The external appearance of the house underwent a marked change when it was encased in honey coloured Bath stone in stark contrast to Robert Adam’s red brick. The interior of the house is now a curious mix of the original Robert Adam and the later Benjamin Dean Wyatt.
Harriette Wilson
The current entrance to the house forms part of the Wyatt extension. The walls and the two plaster columns are painted to resemble marble. A large scale picture dominated a wall: it depicts one of the annual banquets held in the Waterloo Gallery at Apsley House to celebrate the Duke’s famous military victory over Napoleon. The picture includes a small number of women hovering near the doorway. They were not permitted to dine with the menfolk but were permitted to take a peek at proceedings from the door. I doubt if the 1st Duchess of Wellington was present. Like that other great British hero of the era, Admiral Nelson, Wellington did not reciprocate the love of his long suffering wife Kitty and tried to keep her out of his day to day life as much as possible. Unlike Nelson, Wellington observed the outward proprieties and was reconciled with his spouse before she died. But in common with a great many other men of his class, Wellington had his mistresses, the most well known of which was the courtesan Harriette Wilson. After her career drew to end, Harriet strove to rebuild her fortunes by embarking on another as an author and blackmailer. Having written a detailed memoir of her life she informed her former armours that, in return for a specified pecuniary consideration, their names would be omitted from her long list of conquests. When the Duke of Wellington was presented with this proposal he was said to have retorted angrily: ”Publish and be damned”.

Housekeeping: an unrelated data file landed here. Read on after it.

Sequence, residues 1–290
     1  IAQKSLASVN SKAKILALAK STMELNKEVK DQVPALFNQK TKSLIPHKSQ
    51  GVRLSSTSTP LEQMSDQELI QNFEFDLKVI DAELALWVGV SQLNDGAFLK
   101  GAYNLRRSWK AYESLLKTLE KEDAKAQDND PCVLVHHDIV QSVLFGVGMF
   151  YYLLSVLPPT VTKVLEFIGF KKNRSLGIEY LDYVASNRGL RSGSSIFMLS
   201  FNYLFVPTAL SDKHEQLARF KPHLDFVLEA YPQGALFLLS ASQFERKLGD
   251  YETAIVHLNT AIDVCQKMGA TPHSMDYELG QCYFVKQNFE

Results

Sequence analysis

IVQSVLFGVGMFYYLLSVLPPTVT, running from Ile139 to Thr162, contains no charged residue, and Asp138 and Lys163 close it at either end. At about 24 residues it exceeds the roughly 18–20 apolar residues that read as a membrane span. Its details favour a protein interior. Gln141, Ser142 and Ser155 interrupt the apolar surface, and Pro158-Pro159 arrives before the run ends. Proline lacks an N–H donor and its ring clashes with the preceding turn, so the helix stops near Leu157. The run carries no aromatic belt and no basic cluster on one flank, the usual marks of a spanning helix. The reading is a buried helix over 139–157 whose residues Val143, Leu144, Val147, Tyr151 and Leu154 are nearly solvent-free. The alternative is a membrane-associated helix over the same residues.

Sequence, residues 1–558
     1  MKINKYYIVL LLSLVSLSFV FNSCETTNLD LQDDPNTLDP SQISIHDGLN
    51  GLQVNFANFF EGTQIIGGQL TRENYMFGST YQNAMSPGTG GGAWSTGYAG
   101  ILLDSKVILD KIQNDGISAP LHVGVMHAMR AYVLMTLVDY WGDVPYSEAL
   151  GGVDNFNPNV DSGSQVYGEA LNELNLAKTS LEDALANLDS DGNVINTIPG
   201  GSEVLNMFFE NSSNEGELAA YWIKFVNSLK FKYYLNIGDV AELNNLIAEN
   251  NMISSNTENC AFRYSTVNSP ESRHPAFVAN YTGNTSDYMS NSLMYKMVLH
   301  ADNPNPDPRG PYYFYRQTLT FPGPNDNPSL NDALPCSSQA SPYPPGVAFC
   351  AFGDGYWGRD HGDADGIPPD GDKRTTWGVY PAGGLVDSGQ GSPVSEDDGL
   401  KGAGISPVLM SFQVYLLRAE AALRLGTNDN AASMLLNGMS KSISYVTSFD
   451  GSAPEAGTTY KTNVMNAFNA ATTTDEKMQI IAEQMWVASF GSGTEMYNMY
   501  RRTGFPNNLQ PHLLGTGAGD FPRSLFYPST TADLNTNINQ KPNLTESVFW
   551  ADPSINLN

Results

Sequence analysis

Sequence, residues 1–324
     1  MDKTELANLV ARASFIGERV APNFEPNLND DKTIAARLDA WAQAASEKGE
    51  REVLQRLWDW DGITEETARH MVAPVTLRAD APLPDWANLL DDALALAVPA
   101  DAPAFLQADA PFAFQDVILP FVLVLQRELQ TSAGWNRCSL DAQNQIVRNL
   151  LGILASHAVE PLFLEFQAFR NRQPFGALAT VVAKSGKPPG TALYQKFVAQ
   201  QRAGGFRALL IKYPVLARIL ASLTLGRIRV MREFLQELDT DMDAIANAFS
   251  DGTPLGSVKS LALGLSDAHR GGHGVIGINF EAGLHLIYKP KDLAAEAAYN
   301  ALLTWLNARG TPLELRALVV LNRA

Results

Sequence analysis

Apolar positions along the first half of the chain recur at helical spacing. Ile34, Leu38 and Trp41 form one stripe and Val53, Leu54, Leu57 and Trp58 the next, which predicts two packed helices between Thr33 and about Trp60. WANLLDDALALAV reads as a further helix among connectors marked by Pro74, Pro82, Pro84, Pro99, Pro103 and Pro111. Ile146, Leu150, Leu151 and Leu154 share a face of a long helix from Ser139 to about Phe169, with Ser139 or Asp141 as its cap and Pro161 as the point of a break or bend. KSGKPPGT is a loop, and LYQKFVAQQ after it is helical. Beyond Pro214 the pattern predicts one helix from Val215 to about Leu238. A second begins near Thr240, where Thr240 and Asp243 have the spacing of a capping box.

On the left-hand side of the hall is the Wellington museum. Even in the first Duke’s time it was something of a popular tourist spot. A leather Regency porter’s chair takes pride of place near the door. The museum itself was in semi darkness when I saw it  to protect some of the more fragile objects on display. These included flags hanging from the ceiling which bear both Napoleon’s initials and a wreath of laurel leaves to denote his imperial status as an emperor.

Grateful European rulers heaped titles and precious gifts on the victorious Wellington, including the extraordinary Egyptian dining table centrepiece. A label said it was 6.7 metres in length. I doubt if the Duke would have approved of metric measurements, as opposed to imperial, being used in HIS home. The scale model of the Egyptian Temple complex at Luxor, rendered in porcelain bisque, was commissioned from the Sèvres factory as a present from a guilty Napoleon to his former wife Josephine, whom he had dumped for wife number two when Josephine proved to be barren.  Josephine turned down the extravagant present, perhaps deciding it was tad too flamboyant for a woman who was no longer an Empress.